Here at Jefferson County Public Library, we just finished our summer reading program, during which we had the opportunity to host a teen intern. I wanted to write about our process and also give some advice about what we learned, which I blog about below. I hope future grantees find this helpful, and if they are interested in further material from our program, can find it on the 2018 Teen Intern Grantee Space.


To market our teen intern program, I first created a flyer on Canva:

We advertised on our Facebook page and also during an outreach program we do each semester at local junior and high schools called Lunch in the Library, where we provide pizza for lunch and the teens get to learn about library services and offer suggestions for programming, collection development, etc. The Facebook advertising got the most interest from parents, who messaged the library’s Facebook account asking for more information, however I found that not many of their children actually applied. The most effective way I found good candidates was asking the school librarians if they had any aides that they thought would be interested. These students all had library experience that was helpful if we needed to do tasks related to shelf reading, shifting, etc.

Interview & Hiring Process

The Summer Reading Teen Intern Toolkit pdf was extremely helpful in offering sample applications, interview questions, rejection letters, and overall advice. We kept the interviews to less than 15 minutes and asked a few questions to see what experience they had, why they were interested in working at the library, what they wanted to learn, and if they had the necessary transportation and schedule availability.

Learning Outcomes for the Teens

The project I gave our intern to do was to see how we plan and run programs throughout the summer, and then plan an activity to do at the teen’s summer reading finisher party. They did a great job of looking up ideas online and decided on having cup stacking games and competitions, which all ages had a ton of fun playing. I think this project was successful in giving the intern more advanced experience in library work and program planning.

I also had the intern write an exit essay, which was very helpful in learning what they thought about the program and how to improve. They said that it was a great opportunity because there aren’t many places for teens to work in the summer aside from the parks or in food service.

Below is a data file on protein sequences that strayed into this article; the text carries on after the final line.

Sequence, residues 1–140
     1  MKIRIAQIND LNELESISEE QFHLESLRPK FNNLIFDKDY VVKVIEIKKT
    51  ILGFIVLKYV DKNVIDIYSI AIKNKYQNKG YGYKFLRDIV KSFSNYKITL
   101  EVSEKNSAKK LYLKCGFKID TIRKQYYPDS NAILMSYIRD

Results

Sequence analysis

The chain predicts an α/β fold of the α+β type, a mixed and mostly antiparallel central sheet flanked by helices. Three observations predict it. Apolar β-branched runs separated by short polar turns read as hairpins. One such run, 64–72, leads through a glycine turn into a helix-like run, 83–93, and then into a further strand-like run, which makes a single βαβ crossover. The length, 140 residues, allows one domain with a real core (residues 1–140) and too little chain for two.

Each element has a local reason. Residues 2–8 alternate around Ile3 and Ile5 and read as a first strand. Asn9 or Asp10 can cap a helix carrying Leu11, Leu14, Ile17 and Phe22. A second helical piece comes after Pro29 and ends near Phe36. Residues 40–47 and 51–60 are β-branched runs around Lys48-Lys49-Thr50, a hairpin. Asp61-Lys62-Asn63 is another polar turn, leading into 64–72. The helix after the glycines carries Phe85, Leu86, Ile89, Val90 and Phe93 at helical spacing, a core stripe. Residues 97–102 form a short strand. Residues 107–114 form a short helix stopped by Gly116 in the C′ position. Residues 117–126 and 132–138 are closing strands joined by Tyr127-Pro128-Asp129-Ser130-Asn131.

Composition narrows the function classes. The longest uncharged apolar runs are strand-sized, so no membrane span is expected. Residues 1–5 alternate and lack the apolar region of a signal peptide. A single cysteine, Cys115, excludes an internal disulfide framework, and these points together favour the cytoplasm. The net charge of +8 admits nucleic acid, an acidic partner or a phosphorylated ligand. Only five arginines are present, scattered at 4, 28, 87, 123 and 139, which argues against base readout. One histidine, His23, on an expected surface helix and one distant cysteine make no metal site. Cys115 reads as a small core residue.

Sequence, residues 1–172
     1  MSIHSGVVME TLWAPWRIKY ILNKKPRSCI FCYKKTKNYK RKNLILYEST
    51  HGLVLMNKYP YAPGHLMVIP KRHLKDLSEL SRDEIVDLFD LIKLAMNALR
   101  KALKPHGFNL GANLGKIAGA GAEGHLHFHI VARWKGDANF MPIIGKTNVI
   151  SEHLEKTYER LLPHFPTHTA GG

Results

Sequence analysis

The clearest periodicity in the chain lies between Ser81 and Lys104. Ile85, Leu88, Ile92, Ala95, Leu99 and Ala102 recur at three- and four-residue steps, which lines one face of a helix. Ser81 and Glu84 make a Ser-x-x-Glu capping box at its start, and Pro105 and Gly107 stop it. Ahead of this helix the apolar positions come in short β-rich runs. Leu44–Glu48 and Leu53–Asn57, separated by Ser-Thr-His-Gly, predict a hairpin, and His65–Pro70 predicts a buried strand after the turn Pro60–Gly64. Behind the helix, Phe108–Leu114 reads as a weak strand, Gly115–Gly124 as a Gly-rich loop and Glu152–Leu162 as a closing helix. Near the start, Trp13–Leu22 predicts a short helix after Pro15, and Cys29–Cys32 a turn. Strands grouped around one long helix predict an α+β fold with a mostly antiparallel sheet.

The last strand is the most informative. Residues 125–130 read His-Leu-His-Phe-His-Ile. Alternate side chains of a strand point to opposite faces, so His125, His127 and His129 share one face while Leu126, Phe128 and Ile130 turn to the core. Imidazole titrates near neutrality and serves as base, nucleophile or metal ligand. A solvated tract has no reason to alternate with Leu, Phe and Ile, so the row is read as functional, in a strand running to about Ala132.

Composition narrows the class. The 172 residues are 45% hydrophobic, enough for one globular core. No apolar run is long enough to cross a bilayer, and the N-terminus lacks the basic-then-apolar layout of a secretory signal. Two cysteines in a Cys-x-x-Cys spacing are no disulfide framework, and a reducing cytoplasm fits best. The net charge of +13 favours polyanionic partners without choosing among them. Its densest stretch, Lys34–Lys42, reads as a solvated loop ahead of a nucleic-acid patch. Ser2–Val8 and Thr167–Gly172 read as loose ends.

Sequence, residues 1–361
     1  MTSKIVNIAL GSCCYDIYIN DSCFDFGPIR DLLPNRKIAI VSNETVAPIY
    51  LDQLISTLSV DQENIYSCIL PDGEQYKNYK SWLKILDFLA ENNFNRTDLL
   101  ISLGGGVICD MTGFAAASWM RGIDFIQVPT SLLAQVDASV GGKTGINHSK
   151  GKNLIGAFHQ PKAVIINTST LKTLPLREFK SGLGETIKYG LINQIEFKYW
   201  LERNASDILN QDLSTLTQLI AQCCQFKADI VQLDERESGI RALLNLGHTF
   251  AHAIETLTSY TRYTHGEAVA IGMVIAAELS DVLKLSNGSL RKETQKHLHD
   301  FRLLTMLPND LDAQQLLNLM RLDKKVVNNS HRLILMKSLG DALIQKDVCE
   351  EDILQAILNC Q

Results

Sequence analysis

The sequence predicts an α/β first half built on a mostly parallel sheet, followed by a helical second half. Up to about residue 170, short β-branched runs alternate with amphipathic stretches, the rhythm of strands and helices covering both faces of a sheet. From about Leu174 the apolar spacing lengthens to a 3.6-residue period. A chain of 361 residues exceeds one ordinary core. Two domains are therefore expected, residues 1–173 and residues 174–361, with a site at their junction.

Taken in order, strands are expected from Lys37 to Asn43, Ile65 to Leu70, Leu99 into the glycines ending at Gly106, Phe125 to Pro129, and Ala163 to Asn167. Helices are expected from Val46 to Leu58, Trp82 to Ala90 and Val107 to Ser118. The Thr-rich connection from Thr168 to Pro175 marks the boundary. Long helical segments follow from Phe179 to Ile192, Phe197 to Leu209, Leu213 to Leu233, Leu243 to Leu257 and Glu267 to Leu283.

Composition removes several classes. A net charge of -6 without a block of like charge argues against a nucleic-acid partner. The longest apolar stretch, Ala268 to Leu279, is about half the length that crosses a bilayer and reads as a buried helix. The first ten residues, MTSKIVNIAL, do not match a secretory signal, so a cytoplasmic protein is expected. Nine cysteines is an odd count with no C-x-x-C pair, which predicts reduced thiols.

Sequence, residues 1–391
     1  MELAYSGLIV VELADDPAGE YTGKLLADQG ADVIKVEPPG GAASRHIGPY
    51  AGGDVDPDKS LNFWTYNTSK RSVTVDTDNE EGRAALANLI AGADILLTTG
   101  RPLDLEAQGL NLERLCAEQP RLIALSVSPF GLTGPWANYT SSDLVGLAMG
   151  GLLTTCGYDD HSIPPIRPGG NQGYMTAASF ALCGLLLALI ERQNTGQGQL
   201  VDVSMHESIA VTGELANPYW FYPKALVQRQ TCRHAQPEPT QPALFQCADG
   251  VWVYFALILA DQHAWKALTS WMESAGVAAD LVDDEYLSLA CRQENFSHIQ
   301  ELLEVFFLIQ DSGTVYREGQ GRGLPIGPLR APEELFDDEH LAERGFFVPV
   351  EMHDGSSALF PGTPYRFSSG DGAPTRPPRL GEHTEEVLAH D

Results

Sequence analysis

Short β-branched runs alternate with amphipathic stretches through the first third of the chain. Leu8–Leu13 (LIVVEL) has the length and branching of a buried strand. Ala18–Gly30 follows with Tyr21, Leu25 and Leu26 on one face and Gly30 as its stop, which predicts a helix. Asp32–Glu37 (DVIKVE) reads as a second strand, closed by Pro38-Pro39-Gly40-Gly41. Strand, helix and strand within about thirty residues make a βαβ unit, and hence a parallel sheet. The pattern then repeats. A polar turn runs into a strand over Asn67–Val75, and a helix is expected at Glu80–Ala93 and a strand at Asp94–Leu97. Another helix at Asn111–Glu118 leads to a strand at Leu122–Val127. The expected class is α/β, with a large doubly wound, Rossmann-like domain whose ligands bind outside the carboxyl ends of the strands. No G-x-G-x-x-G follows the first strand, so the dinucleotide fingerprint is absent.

A few things I learned from the program:

  • Always have a list of tasks for your intern to do.

Make sure you write detailed directions and that they know where this list is so they can refer to it if they can’t find you or finish other tasks. I often overestimated how much time it would take for the intern to do certain tasks, and it’s hard to find new things for them to do when you’re in the middle of summer reading activities and don’t have time to write directions.

  • Hire more than one intern.

I wanted to make sure our interns were paid fairly and for that reason I only hired one. However, with vacations and other summer activities that the intern had to take time off for, it left us a few weeks without help and also made some weeks very busy for the intern trying to make up hours. For this reason, I would suggest splitting the hours between at least two interns so that you are more likely to always have help.

Thank you again to YALSA and Dollar General for making this grant possible!  The intern was a huge help during our summer reading program, and it was great work experience for them!

Kendra McAdams is a Teen Librarian at the Jefferson County Public Library in Madison, Indiana.

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